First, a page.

Born in 1922, my mother is eighty-four today ó a fact she probably wonít remember, despite receiving two nice cards in yesterdayís mail and a call last night from my brother in Armenia. What Iím afraid she will remember is the dream she had at one-thirty this morning, and the subsequent sadness and confusion that made it necessary for me to remain at her bedside for the next hour.

Although my father died eleven years ago, she suddenly recalled his passing as if it had just happened, and she had found herself alone for the first time. One by one, we went over the details surrounding his death: the hospital, the cemetery, the funeral, the gathering of family and friends at her house. Through it all, she wept ó partly from a feeling of shame that she could have forgotten any of it, even for a moment, but mostly because the man she loved was gone.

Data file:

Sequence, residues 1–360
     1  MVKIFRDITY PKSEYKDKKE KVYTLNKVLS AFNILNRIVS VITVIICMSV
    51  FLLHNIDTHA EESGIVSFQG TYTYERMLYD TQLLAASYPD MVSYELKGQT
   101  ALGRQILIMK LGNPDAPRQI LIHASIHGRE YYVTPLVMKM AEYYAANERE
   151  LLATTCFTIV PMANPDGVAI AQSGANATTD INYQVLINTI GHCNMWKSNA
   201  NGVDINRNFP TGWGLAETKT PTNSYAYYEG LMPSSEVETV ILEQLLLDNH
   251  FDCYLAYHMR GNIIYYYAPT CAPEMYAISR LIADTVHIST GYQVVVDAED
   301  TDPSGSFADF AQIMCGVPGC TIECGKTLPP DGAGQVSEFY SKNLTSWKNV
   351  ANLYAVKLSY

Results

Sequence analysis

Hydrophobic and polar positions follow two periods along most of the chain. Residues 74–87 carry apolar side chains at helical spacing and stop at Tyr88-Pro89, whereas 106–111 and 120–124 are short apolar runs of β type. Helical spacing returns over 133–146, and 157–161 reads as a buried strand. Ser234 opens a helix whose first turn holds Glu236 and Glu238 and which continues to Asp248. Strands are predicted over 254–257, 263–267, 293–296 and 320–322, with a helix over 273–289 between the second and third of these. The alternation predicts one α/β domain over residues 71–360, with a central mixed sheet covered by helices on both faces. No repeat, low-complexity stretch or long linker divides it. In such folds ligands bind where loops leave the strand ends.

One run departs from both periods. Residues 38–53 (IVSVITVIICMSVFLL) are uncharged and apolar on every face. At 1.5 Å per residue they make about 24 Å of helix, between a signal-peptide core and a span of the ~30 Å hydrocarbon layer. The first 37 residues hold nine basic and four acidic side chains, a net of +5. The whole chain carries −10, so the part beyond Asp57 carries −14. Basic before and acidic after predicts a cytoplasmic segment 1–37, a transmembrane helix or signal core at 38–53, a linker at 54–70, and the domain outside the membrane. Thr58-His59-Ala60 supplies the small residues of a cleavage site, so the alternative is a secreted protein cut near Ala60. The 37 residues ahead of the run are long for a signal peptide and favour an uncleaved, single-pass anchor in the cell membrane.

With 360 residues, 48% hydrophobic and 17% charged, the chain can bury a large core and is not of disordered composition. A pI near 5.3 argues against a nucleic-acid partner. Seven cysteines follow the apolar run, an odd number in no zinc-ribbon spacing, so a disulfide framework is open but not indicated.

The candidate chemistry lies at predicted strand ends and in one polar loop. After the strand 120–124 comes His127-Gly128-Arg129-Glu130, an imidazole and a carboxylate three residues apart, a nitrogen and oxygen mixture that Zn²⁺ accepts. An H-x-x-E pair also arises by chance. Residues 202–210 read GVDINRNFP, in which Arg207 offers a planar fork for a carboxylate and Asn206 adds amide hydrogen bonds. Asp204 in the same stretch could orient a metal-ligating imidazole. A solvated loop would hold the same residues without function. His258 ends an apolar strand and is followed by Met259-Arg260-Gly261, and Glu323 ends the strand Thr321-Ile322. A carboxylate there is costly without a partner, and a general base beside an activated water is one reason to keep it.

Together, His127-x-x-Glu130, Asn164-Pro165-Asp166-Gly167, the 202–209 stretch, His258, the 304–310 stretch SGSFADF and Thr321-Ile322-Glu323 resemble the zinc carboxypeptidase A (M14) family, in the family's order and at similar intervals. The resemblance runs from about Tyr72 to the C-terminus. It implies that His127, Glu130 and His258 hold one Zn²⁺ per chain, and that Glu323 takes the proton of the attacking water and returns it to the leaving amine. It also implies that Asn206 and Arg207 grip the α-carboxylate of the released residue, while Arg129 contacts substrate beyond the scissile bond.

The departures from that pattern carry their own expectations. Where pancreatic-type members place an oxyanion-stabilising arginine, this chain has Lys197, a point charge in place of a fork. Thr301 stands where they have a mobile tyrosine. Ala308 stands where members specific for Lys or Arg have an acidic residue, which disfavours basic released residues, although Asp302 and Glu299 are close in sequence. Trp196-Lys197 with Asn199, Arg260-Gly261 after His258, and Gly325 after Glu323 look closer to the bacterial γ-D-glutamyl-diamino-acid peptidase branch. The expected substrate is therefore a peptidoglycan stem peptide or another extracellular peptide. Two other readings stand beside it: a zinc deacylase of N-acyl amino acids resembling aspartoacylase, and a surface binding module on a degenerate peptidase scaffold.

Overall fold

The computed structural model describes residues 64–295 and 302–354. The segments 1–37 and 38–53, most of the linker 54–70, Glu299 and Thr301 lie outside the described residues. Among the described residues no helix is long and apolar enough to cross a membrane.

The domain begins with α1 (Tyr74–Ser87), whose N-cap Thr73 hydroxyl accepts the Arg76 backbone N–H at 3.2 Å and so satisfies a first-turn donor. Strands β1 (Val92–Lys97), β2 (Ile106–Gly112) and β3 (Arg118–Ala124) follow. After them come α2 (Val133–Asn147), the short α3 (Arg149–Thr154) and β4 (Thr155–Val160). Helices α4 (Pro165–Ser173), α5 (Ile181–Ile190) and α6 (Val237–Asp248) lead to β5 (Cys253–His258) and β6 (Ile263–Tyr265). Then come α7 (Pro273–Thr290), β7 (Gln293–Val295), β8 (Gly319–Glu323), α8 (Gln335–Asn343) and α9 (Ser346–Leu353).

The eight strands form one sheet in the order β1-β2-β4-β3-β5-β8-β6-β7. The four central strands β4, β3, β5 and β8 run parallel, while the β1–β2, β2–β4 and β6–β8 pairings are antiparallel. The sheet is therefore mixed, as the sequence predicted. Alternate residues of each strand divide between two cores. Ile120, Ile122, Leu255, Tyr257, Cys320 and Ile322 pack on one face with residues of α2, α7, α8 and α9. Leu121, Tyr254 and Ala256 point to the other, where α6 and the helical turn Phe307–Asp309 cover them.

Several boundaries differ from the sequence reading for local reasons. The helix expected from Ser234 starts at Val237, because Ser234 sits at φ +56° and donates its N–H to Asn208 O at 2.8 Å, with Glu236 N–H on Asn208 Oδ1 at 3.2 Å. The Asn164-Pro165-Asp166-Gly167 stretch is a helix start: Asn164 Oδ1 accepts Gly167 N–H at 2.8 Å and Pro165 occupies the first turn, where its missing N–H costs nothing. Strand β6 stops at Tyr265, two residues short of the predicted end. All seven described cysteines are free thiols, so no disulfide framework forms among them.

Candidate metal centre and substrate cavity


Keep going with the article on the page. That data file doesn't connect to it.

As I write this, there is thunder. Why thunder, now, after several days of calm warm weather? Why now, so early in the morning, when my mother is exhausted and needs to sleep? And why does it linger, just overhead?

July 4, 2006

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